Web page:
SWARM: A Scientific Workflow for Supporting Bayesian ... A Scientific Workflow for Supporting Bayesian Approaches to Improve Metabolic Models Xinghua Shi1 1Department of Computer Science

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  • SWARM: A Scientific Workflow for Supporting Bayesian Approaches to Improve Metabolic Models

    Xinghua Shi1 1Department of Computer Science

    University of Chicago Chicago, IL 60637, USA


    Rick Stevens1, 2 2Mathematics and Computer Science

    Argonne National Laboratory Argonne, IL 60439, USA


    ABSTRACT With the exponential growth of complete genome sequences, the analysis of these sequences is becoming a powerful approach to build genome-scale metabolic models. These models can be used to study molecular components, their activities and relationships, and thus achieve the goal of studying cells as systems. However, constructing genome-scale metabolic models manually is time-consuming and labor-intensive. This property of manual model-building process causes the fact that much fewer genome-scale metabolic models are available comparing to hundreds of genome sequences available. To tackle this problem, we design SWARM, a scientific workflow that can be utilized to improve genome-scale metabolic models in high-throughput fashion. SWARM deals with a range of issues including the integration of data across distributed resources, data format conversions, data update, and data provenance. Putting altogether, SWARM streamlines the whole modeling process that includes extracting data from various resources, deriving training datasets to train a set of predictors and applying Bayesian techniques to assemble the predictors, inferring on the ensemble of predictors to insert missing data, and eventually improving draft metabolic networks automatically. By the enhancement of metabolic model construction, SWARM enables scientists to generate many genome-scale metabolic models within a short period of time and with less effort. The availability of a large number of metabolic models will lead to a new generation of important biological hypotheses and experimental designs based on the analysis of these models.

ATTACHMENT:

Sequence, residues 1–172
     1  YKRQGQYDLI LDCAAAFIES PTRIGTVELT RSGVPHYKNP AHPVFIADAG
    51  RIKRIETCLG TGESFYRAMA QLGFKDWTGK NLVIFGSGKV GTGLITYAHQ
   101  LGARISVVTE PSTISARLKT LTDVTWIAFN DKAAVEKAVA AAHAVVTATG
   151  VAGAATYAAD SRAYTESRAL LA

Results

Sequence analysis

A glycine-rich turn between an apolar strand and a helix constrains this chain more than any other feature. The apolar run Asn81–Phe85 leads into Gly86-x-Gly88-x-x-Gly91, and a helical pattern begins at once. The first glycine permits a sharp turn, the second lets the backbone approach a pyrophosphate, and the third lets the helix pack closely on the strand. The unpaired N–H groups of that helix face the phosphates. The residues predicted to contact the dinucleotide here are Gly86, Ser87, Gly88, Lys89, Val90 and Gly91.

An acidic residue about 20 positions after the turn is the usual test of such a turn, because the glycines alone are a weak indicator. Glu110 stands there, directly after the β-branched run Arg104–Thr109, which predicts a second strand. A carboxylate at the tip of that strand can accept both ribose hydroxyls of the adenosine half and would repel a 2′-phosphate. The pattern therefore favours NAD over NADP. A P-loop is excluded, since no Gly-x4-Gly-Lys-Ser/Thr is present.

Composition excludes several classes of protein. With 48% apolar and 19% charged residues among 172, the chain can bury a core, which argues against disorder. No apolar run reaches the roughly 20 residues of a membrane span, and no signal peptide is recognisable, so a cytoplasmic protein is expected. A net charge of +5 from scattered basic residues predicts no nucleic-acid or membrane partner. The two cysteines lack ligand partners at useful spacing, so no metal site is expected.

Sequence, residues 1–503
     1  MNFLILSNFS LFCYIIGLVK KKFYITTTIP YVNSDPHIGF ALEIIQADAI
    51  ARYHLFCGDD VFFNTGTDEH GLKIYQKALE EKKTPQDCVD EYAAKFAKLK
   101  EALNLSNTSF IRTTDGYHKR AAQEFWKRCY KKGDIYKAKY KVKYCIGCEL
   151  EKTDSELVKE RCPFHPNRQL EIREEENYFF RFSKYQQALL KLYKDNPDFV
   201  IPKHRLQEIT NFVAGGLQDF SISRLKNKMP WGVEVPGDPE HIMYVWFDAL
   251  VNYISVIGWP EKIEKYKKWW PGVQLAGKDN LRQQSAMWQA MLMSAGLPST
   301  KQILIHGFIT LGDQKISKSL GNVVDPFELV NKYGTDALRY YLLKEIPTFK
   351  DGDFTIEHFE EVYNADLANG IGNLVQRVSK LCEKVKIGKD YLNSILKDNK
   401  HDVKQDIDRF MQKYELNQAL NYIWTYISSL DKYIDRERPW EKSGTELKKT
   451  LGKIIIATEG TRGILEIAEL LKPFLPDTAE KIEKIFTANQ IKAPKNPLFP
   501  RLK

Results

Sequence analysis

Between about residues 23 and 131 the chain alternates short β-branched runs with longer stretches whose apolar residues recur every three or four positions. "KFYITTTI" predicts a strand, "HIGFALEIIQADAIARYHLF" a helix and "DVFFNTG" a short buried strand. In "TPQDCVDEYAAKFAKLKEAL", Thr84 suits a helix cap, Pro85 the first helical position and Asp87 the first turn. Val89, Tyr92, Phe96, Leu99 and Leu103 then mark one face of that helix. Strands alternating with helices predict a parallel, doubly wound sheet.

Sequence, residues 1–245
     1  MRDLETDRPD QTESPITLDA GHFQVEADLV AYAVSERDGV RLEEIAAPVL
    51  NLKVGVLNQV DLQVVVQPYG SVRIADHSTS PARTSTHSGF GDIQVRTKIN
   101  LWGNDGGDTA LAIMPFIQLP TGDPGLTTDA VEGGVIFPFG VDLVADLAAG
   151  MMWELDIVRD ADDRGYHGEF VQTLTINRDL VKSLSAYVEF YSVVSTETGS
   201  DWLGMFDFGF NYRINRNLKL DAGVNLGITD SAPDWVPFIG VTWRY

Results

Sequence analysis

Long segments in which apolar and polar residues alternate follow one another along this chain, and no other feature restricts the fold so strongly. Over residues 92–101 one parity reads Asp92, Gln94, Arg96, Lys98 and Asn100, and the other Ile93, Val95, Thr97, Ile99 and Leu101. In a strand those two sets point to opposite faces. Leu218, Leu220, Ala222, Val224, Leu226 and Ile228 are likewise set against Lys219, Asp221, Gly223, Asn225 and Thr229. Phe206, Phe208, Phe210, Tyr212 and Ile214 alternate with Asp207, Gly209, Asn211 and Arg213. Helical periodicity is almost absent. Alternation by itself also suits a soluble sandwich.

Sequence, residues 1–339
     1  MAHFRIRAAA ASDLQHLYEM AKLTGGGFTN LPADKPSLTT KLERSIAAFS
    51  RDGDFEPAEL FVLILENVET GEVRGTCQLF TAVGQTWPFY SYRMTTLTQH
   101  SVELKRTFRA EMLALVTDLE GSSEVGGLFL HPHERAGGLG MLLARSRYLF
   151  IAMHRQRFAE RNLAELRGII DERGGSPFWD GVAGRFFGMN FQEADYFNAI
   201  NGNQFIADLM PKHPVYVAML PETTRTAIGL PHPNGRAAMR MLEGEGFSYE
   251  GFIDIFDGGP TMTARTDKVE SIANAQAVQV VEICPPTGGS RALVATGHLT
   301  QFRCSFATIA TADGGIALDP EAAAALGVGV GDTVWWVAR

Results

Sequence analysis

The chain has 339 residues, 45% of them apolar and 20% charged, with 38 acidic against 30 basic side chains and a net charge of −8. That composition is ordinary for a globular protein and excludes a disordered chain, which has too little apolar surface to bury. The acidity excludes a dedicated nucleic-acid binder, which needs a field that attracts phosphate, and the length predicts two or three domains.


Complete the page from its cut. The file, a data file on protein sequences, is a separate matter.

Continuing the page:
Categories and Subject Descriptors J.3.1 [Computer Applications]: Life and Medical Sciences Biology and genetics.

    General Terms Design, Management.

    Keywords Scientific workflow, Bayesian approaches, Metabolic models.

    1. INTRODUCTION High-throughput sequencing technology in biology and automated genome annotation tools in bioinformatics make it possible to identify and assign functions to most metabolic genes in an organism. These gene functions then can be mapped to biochemical reactions that characterize the capabilities of genes when they are activated. The sequence and biochemical information, together with the strain-specific information of an organism, can be integrated and assembled to build a genome-scale metabolic model. A genome-scale metabolic model attempts to capture and represent all that is known about the organism from annotated genome sequence. Such a model can be used to study how an organism performs under various conditions and what systemic properties the network possesses.

    Extensive research has been conducted on the methods that are applied to build metabolic models. Due to the lack of detailed kinetic information, a constraint-based approach, flux balance analysis (FBA) [1-3], has been proposed to assess theoretical capabilities and operative models of metabolic networks. FBA can be applied to study genotype-phenotype relations, identify essentiality of genes, and investigate different states the cell may have under different situations and so on. At present, FBA is the only methodology by which genome-scale models have been constructed. [1]

    Although FBA has been under research over 20 years and approximately 18 genome-scale metabolic networks for 14 organisms and cells [4-18] have been built, the speed of constructing metabolic networks cannot catch up with the growth of the number of organisms with annotated genomes. The number of complete genomes is more than 400 hundred and it is expanding to reach 1000. This big gap between the number of genome-scale metabolic models and the number of available complete genomes is largely due to the fact that most of these models are reconstructed manually. Building a genome-scale metabolic model with thousands of metabolites and reactions is time-consuming and labor-intensive. With the number of annotated genomes expanding to thousands, it is desirable that we produce complex metabolic models in a high-throughput manner.